This week Hospice UK published new analysis showing that one in four people who require end of life care and their families are not getting the support they need.
Our research highlights that there are potentially 118,000 people every year in the UK with terminal and life-limiting conditions who are missing on vital support at the end of life, including hospice care.
Clinical care is a very important part of hospice care, especially in helping with issues such as pain relief.
However, hospice care places equal value on other types of care that can enable a terminally ill person to live as well as they can, including spiritual and psychological support or complementary therapies to promote wellbeing.
Hospices also provide vital emotional and practical support for families, including respite care and bereavement counselling.
Hospice UK has just launched a new campaign called Open Up Hospice Care. It aims to raise awareness among the public about the fact that hospice care is available to everyone, regardless of who they are.
There are several reasons why people are not referred for hospice, or other types of end of life care.
People with a non-cancer diagnosis are often referred for end of life care in smaller numbers and at a later stage than people with a cancer diagnosis. This can be because of low awareness among some healthcare professionals about options such as hospice care in improving quality of life for people with a terminal diagnosis.
Hospice UK is working with hospices to identify and support people who may be missing out on hospice care, such as those with conditions such as dementia, heart and liver failure and lung disease.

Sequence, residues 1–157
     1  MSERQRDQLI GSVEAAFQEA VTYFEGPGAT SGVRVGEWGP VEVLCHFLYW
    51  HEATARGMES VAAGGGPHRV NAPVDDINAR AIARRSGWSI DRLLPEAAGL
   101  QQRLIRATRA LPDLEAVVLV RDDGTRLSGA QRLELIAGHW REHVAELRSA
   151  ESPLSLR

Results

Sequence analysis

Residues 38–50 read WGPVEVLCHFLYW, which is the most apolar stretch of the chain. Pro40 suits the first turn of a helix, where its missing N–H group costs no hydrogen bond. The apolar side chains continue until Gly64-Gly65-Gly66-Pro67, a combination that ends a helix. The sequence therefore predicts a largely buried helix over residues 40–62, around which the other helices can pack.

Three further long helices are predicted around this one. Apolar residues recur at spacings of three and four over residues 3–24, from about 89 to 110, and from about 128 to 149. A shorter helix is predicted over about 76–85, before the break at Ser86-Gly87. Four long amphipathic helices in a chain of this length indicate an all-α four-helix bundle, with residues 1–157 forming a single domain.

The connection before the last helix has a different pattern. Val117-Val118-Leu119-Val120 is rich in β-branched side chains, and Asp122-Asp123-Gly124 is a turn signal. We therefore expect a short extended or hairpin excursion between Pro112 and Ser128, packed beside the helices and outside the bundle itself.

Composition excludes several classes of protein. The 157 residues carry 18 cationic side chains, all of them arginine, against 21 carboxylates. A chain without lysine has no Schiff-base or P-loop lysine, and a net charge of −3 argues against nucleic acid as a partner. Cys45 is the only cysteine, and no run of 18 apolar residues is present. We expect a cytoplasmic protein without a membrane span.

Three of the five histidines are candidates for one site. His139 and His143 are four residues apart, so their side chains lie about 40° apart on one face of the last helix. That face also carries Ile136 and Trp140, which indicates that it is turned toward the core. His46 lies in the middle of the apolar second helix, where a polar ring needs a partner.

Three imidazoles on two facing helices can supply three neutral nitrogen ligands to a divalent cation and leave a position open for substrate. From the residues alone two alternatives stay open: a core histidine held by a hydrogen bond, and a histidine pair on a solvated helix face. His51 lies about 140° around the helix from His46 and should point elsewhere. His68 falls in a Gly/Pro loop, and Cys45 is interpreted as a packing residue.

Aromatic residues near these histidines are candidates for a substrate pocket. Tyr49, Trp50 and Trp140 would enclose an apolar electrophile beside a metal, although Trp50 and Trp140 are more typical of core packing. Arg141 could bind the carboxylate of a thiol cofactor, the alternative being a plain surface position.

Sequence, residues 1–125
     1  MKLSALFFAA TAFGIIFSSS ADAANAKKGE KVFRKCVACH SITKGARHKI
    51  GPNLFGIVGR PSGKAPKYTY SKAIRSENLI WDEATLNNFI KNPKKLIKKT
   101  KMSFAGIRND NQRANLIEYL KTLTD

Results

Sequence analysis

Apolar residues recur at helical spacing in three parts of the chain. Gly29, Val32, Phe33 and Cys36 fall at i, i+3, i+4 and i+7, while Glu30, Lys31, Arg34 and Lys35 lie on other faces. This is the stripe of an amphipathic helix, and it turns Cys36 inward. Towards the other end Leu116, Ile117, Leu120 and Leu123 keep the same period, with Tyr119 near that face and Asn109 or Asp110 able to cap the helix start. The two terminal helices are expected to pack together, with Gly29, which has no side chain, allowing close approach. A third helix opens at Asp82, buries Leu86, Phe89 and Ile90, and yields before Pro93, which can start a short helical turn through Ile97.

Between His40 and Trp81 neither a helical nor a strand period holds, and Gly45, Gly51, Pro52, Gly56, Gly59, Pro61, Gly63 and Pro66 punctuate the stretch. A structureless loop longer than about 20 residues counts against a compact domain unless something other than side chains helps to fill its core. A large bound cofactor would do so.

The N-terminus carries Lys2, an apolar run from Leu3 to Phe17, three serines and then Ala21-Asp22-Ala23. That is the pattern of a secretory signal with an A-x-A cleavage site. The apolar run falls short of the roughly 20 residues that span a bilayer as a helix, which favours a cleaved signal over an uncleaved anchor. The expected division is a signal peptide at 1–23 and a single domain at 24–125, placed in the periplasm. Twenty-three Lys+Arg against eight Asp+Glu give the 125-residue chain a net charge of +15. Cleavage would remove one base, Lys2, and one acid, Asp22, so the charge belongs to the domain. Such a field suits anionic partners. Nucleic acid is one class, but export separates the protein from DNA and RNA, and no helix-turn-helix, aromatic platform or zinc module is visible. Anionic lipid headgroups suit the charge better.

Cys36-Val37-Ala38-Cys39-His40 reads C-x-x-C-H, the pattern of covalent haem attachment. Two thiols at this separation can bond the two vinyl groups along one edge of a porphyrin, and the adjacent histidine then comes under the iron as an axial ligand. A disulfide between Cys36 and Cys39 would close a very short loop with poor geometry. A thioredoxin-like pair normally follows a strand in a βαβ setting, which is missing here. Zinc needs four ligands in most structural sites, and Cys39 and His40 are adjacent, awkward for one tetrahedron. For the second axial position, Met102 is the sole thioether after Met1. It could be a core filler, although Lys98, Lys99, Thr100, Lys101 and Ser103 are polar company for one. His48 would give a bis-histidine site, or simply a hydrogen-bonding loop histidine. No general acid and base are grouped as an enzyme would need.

For example, a growing number of hospices are leading successful multi-agency partnerships with local NHS trusts and other providers to improve care for people with advanced heart failure.
This helps to identify people who may benefit from palliative care at a much earlier stage, and has led to better advance care planning and less time spent in hospital.
Also, people from some minority groups can struggle to access end of life care that is appropriate to their needs.
For example, LGBT (lesbian, gay, bisexual and transgender) people who can face direct and indirect discrimination when accessing services, as Marie Curie has highlighted in previous research .
And just this week Marie Curie highlighted how homeless people are falling between cracks in services, and not able to access the same level of support as others.
Charitable hospices are reaching out to LGBT people, people from BAME communities and those from other minority groups and adapting their services to make sure they receive the right care that meets their needs.
Hospices are also leading initiatives to widen access to palliative and end of life care - in both hospices and other settings, such as care homes and hospitals.
For example, Hospice UK is investing in new technology - Project ECHO - which uses video conferencing technology to share hospices' expertise wider with clinicians working in other care settings.
The hospice movement is working to widen access to hospice care but we know there is more to be done.
It is important that more people are aware about the benefits of hospice care. This will become ever more urgent in the future as our ageing population increases, with more people living for longer, often with complex health conditions. In addition, more children and young people with life-shortening conditions are living for longer due to advances in medical care.
Sadly, too many families do not get the care they need- that is just one of the things our campaign seeks to change.